Nowadays, we spend most of our “free time” staring at the phone screen, in elevators, in metros and even on the streets. It doesn’t have to be texting with family or friends, because more often, we are simply scrolling down the screens, enjoying the time watching people’s posts and giving likes or commenting. Almost everyone around me, including myself, has a social media account, where we post photos to update our most recent life status. However, after reading Goffman’s “The Presentation of Self in Everyday Life”, I started to have a deeper understanding of the content we post and the motivation behind.
I think just as Goffman explains how everyone tries to create and maintain a specific “impression” on their social media platforms, we try to post photos to differentiate ourselves from the rest, to make ourselves look unique. There must be a consistency between the photos, captions, even the frequency of posts. This online “image” a lot of times hardly matches with the person in reality. However, it could be the ideal image that person aspires to have because he or she pays so much efforts to “perform” well enough to gain attention on that social media account.
[Please watch until 2:52]
The video I picked has an interesting name of “Are you living an Insta Lie?” I think it explained the point of Goffman and Hugo Liu very well. First, the girl woke up early in the morning to do make up, and went back to the bed just to take a photo and post it on Instagram. Even though this is not an interest tag as Hugo Liu analyzed in his article, I see this behavior as the girl wants to present an authentic self on social media, a girl who wakes up early in the morning with a bright smile. Of course the cost of “being authentic” is to make much preparation before taking a photo. Getting into the second and fourth person, they both tries to pursuit a healthy life style by biking and getting a healthy green juice. The difference is that the “front stage” person completed these tasks while the “back stage” person only wishes to do so instead of actually doing it.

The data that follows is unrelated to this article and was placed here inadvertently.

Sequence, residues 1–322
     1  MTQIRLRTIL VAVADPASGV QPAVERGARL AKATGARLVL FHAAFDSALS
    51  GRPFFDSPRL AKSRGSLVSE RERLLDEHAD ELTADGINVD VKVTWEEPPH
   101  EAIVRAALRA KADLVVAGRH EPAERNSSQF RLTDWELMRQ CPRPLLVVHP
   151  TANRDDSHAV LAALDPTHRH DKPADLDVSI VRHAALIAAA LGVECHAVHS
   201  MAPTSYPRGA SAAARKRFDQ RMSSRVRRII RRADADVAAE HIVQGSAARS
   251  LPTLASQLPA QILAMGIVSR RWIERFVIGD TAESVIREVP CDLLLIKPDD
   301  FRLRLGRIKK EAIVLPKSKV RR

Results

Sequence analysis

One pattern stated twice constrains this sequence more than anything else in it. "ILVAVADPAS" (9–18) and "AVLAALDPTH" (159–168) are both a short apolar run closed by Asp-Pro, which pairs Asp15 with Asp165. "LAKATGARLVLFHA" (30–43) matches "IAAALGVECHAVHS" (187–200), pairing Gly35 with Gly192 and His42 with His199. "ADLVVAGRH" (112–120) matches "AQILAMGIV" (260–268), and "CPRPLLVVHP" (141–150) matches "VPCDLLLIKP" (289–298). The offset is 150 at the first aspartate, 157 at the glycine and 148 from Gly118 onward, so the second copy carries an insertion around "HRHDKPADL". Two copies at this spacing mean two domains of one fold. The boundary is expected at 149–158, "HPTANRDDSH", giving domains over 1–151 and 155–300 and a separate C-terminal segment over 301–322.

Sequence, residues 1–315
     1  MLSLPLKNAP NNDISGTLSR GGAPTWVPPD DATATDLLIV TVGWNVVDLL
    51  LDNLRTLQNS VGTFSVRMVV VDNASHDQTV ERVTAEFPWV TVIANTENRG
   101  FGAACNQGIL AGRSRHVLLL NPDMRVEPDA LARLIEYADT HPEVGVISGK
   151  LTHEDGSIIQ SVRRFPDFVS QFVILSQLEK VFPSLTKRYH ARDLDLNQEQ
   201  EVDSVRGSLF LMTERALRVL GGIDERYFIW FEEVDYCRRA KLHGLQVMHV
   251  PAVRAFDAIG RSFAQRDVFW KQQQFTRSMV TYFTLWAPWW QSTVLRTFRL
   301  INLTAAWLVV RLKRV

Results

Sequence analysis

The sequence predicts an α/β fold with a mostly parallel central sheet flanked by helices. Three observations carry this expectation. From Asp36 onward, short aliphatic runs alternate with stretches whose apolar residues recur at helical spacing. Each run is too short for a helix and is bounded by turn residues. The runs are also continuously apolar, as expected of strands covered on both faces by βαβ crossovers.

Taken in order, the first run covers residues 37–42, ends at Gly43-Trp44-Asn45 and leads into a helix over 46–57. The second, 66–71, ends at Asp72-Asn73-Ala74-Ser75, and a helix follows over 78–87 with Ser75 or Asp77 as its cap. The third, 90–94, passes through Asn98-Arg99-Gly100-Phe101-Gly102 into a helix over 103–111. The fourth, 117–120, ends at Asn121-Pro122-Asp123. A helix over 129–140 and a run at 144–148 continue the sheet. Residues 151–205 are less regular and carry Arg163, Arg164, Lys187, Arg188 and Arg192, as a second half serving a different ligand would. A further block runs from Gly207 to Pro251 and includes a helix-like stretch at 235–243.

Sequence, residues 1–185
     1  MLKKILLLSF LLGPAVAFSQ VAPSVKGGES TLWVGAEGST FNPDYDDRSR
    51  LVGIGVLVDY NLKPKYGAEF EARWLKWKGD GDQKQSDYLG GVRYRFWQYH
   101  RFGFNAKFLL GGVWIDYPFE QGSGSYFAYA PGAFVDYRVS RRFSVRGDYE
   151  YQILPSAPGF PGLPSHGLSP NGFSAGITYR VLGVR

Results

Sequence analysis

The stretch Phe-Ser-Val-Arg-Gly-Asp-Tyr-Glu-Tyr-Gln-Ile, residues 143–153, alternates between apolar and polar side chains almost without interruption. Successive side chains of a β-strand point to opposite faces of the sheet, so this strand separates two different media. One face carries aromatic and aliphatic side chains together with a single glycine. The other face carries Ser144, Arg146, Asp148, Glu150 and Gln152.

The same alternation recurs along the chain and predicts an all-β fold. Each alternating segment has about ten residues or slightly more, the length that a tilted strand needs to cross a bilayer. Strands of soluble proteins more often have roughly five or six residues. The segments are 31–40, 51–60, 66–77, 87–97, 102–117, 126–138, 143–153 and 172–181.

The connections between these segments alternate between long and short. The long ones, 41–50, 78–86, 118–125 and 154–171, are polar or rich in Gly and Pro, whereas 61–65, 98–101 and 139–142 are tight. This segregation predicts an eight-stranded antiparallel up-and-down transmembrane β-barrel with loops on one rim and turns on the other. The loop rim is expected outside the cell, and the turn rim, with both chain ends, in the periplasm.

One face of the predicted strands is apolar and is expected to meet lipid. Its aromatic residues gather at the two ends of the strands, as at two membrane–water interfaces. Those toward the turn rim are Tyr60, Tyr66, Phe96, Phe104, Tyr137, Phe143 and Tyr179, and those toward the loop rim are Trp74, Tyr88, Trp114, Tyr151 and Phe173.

One important detail is that the motivation of people starting to post is because they see other people’s posts, which means it’s hard to have people not comparing their peers with themselves. Once they see the best parts and best images created from others’ lives, they will naturally feel the pressure of sending the best image of themselves on social media.
However, as the last person in the video posted the photo of herself kissing her boyfriend on Instagram and received many likes from her friends, she almost forgot their relationship didn’t really go well. And that explains why the title of the video is “are you living an insta lie” because many people are more willing to live in the world of social media and escape from the reality. And this video will become a reminder for me and hopefully some of you when we are enjoying our good “performances” on social media, we should not escape from the reality.
- What type of images have you seen your friends created on their social media platforms? How does that affect your impression on them? Are these all positive images?
- Instead of posting photos on Instagram, do you know any other ways of performing “self” on social media?
- Do you see this gap between the presented self and real self a bad thing? Is this situation going to change over time? What can we do to prevent the bad influence it brings?
THANK YOU FOR READING! ANY COMMENT AND QUESTIONS ARE WELCOMED 🙂 PLEASE FEEL FREE TO COMMENT BELOW.
Erving Goffman, The Presentation of Self in Everyday Life
Hugo Liu, “Social Networking Profiles as Taste Performances”